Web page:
Emergence of Peer Production Theory

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George Dafermos:

"The theory of peer production emerged in the new millennium. Israeli-American law scholar Yochai Benkler has been commonly credited with coining the term, which is first introduced in a paper he published in the Yale Law Journal in 2002. In that paper, titled “Coase’s Penguin or Linux and the Nature of the Firm,” Benkler detects in the development model of Linux the emergence of a “third mode of production” on the Internet, which is distinct from both markets and firms, as neither the motivation of participants, nor the coordination of their work, is achieved through “market prices or managerial commands.” Here, Benkler argues for the first time that the development of free and open source software (F/OSS) projects like Linux cannot be accounted for by financial incentives: the majority of participants are volunteers, who are mobilized, above all, by intrinsic motivations such as creativity and self-fulfillment at work. The other main point that he makes in this article concerns the anti-hierarchical organizational structure of these projects. For Benkler, the reason why Linux is paradigmatic of the model of “peer production” is precisely because its developers self-select the tasks they perform and coordinate their work without bureaucrats and bosses. Benkler continued to work on these ideas and four years later he published his magnum opus, The Wealth of Networks (2006), in which he expanded on his definition of peer production, clarifying its characteristics and analyzing its various types and forms. The influence of the Wealth of Networks was enormous: it remains to this day the most influential writing on peer production.

It established Benkler as a leading theorist of commons-oriented peer production and played an important role in establishing peer production, distributed networks and the digital commons as a promising research field in the social sciences, thereby giving many academic researchers an incentive to engage with the subject. However, Benkler was not the only prominent figure in the early years of the development of the theory. Equally influential was the work of Belgian intellectual Michel Bauwens on the other side of the Atlantic, who had already from the early 2000s began to theorize “peer-to-peer” as a new template for society, economy and politics (see, for example, Bauwens, 2002). The views of those two thinkers had much in common. Bauwens’ theories were based on a similar analysis of Linux and F/OSS as an alternative mode of production, governance and property (Bauwens, 2002, 2005). Like Benkler, Bauwens argued that peer production is a mode of production that is neither directed to market exchange, nor governed by bureaucrats and managers. He, too, emphasized that it is inseparable from a commons-based property regime.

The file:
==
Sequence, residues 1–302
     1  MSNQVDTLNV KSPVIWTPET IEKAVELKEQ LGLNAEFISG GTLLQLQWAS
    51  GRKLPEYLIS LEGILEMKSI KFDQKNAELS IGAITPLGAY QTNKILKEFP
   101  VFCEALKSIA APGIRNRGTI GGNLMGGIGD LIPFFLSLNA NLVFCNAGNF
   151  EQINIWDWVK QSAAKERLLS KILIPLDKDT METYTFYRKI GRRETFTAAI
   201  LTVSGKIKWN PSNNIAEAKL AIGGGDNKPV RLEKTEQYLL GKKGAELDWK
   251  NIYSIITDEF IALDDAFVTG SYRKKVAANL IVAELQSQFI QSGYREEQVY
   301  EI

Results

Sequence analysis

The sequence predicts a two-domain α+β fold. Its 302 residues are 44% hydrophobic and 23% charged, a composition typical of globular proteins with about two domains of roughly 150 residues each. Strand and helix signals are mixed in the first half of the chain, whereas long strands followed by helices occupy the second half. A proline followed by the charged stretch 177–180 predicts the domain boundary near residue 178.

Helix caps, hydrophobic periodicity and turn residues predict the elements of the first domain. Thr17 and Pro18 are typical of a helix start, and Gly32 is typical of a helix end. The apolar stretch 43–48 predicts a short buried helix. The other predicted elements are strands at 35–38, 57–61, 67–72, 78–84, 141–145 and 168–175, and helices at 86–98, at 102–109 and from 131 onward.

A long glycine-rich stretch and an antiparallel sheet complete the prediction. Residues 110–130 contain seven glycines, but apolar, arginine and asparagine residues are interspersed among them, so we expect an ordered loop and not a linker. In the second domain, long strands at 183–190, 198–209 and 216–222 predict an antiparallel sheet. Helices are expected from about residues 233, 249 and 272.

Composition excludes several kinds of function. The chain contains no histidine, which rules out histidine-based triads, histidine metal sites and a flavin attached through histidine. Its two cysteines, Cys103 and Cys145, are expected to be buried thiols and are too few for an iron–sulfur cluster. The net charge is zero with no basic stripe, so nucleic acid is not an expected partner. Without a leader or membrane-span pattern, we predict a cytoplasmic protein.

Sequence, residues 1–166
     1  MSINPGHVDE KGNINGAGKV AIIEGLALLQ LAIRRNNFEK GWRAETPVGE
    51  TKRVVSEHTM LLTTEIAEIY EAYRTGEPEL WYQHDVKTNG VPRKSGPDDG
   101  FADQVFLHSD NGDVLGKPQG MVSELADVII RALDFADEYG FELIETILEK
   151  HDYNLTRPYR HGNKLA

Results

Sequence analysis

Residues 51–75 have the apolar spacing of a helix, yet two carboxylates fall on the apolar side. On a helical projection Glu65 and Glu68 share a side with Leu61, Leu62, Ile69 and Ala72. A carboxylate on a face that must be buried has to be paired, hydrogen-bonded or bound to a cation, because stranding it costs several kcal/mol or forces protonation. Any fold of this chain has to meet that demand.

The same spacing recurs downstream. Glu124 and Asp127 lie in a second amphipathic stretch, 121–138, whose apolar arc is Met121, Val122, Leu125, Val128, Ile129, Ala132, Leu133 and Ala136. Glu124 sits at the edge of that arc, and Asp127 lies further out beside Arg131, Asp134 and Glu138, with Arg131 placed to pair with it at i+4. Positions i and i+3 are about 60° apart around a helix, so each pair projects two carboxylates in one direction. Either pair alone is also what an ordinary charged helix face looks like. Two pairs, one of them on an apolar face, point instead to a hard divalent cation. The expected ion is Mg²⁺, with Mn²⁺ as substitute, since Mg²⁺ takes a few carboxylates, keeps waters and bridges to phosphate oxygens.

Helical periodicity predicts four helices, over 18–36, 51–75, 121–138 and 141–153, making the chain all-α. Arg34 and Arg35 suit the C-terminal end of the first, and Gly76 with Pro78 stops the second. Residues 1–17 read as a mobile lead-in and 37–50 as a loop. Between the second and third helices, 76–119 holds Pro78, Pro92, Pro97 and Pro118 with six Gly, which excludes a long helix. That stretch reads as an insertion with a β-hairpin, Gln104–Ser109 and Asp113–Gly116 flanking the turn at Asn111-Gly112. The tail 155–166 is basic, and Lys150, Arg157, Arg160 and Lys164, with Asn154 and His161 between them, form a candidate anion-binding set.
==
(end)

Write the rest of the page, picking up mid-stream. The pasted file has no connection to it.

The only substantial point on which his views differed from Benkler’s was with regard to peer production's transcendent character: they shared the conviction that the phenomenon of peer production was bound to spread beyond the confines of the software industry, but Bauwens went even further, arguing that peer production has “the potential to succeed capitalism as the core value and organizational model of a post-capitalist society” (Bauwens, 2012). Aside from this crucial point, the differences between their theories do not so much lie in their content, as in their “targeting” and mode of diffusion. Benkler’s work was very well-received by the academic community, but Bauwens’ discourse appealed to a different audience. As an Internet-age intellectual, Bauwens was an active participant in online mailing lists and discussion forums related to peer production theory. His passionate and provocative contributions to these debates influenced many “netizens” much more than Benkler’s dense academic prose." (http://peerproduction.net/wp-content/uploads/2021/02/Chapter-07_Prophets-and-Advocates-of-Peer-Production.pdf)


* Article: Prophets and Advocates of Peer Production. By George Dafermos. Chapter 7: The Handbook of Peer Production. Wiley, 2020

URL = http://peerproduction.net/wp-content/uploads/2021/02/Chapter-07_Prophets-and-Advocates-of-Peer-Production.pdf [1]